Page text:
I hesitate to mention the ebola hysteria, but I will say that the most disconcerting fact to me is that of the 4,500 deaths 200 of those deaths (4.4%) have been health care workers.  I know that protocols weren't always followed perfectly but the fact that 4% of the deaths in this outbreak have been health care workers is troubling.

In my opinion, the greatest risk from ebola isn't catching the disease for the average American.  Rather the risk is that fear grips the nation to a point where people stop traveling, avoid going to work or school, etc.  This is a worst case scenario but today I read that 50% of Americans were re-evaluating plans to travel overseas (I'm not sure how they came up with that number b/c I'm pretty sure most Americans don't travel overseas to begin with but another story for another day).

If that became 50% of Americans cancelling Christmas ski trips or golf trips to Myrtle Beach our economy which is on shaky footing could tumble right back into a recession.  That is what you should fear when you hear ebola and that may explain why certain AM radio hosts are so worked up about it (they stoke the fear which leads to reduced economic activity in 2014-15, the economy slips into recession and BOOM Mitt/Jeb/Christie to the rescue :) )

Cheers!

PS - as election day draws near remember that your vote is not for sale.  I'm working on writing something on this subject but for now remember that if you don't fall for Party A or Party B's million $ ad campaigns, you can change course of history.

Tuesday, October 14, 2014

It's 1999 all over again!!

** Special note: for all of my Facebook bashing, note the new "Facebook share button" to the right of this post.  If you like what you see, share the post and I'll see if that works (I'm not on Facebook - yes apparently I'm THE ONE - so I have no way of testing the button).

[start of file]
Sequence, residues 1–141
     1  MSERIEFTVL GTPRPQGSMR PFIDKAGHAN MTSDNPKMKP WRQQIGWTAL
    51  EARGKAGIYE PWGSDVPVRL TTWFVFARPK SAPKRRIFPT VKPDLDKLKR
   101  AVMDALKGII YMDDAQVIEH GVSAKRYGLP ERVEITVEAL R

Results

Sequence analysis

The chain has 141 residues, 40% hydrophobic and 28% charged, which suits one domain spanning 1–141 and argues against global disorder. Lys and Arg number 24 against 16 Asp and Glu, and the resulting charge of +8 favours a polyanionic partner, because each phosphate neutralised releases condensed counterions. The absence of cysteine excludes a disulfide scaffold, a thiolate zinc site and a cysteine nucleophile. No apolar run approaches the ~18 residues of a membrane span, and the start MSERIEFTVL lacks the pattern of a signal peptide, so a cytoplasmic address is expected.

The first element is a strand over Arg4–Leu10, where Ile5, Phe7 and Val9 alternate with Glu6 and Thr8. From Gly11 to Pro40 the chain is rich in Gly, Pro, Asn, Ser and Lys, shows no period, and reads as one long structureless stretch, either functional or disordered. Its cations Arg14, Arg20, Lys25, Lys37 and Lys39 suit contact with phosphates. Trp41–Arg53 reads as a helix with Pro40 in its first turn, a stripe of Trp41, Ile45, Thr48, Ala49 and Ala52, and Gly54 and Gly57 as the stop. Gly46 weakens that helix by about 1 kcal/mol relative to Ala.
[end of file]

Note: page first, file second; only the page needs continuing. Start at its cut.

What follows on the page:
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I wish that I had saved some of my old files from 1999 aka the dotcom bubble version 1.0.  I distinctly remember a pitch from a new cell phone concept (this was the pre-app era) that would "pitch you deals or coupons as you walked down Park Ave. in NYC".  For a number of reasons this concept died on the vine.

However, fast forward 15 years and what's old is new again....

"Facebook's location-based ads pitch you on the store you just walked by"

"On Tuesday, the company began rolling out a new feature for local advertising that lets businesses target users based on whether they’ve gone near the physical store that’s being advertised. The ad could pop up in your Facebook feed around the same time you walk by, or some time later.

The localized targeting could help smaller businesses on Facebook reach a larger number of would-be customers, giving Facebook a new revenue stream in the process. Over the past year or so, some smaller businesses have seen their exposure decline on the site as Facebook has tweaked its formulas for promoting their Pages."
Yeah, just what I want more Facebook ads!!!
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This is an interesting chart which got some coverage last week.
The red line represents the official "headline unemployment rate".  The grey line is U-6 which includes the short-term discouraged workers, marginally attached and part-time for economic reasons.  The Blue Line represents ShadowStats estimate of Unemployment if you take U-6 and the long-term discouraged that are no longer measured by the BLS.  I'm not sure I buy 23% unemployment, but if you've ever been out and about at 1pm on a Wednesday you might believe that unemployment is actually higher than the reported 5.9% number.
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Quick mkt commentary - markets were extremely volatile again today.  Despite finishing mixed, some markets were up nearly 1.5% earlier in the day so a flat day has to be discouraging.  The liquidity is so incredibly thin that I think some people are getting very rattled.  It's worth watching closely. 
Cheers!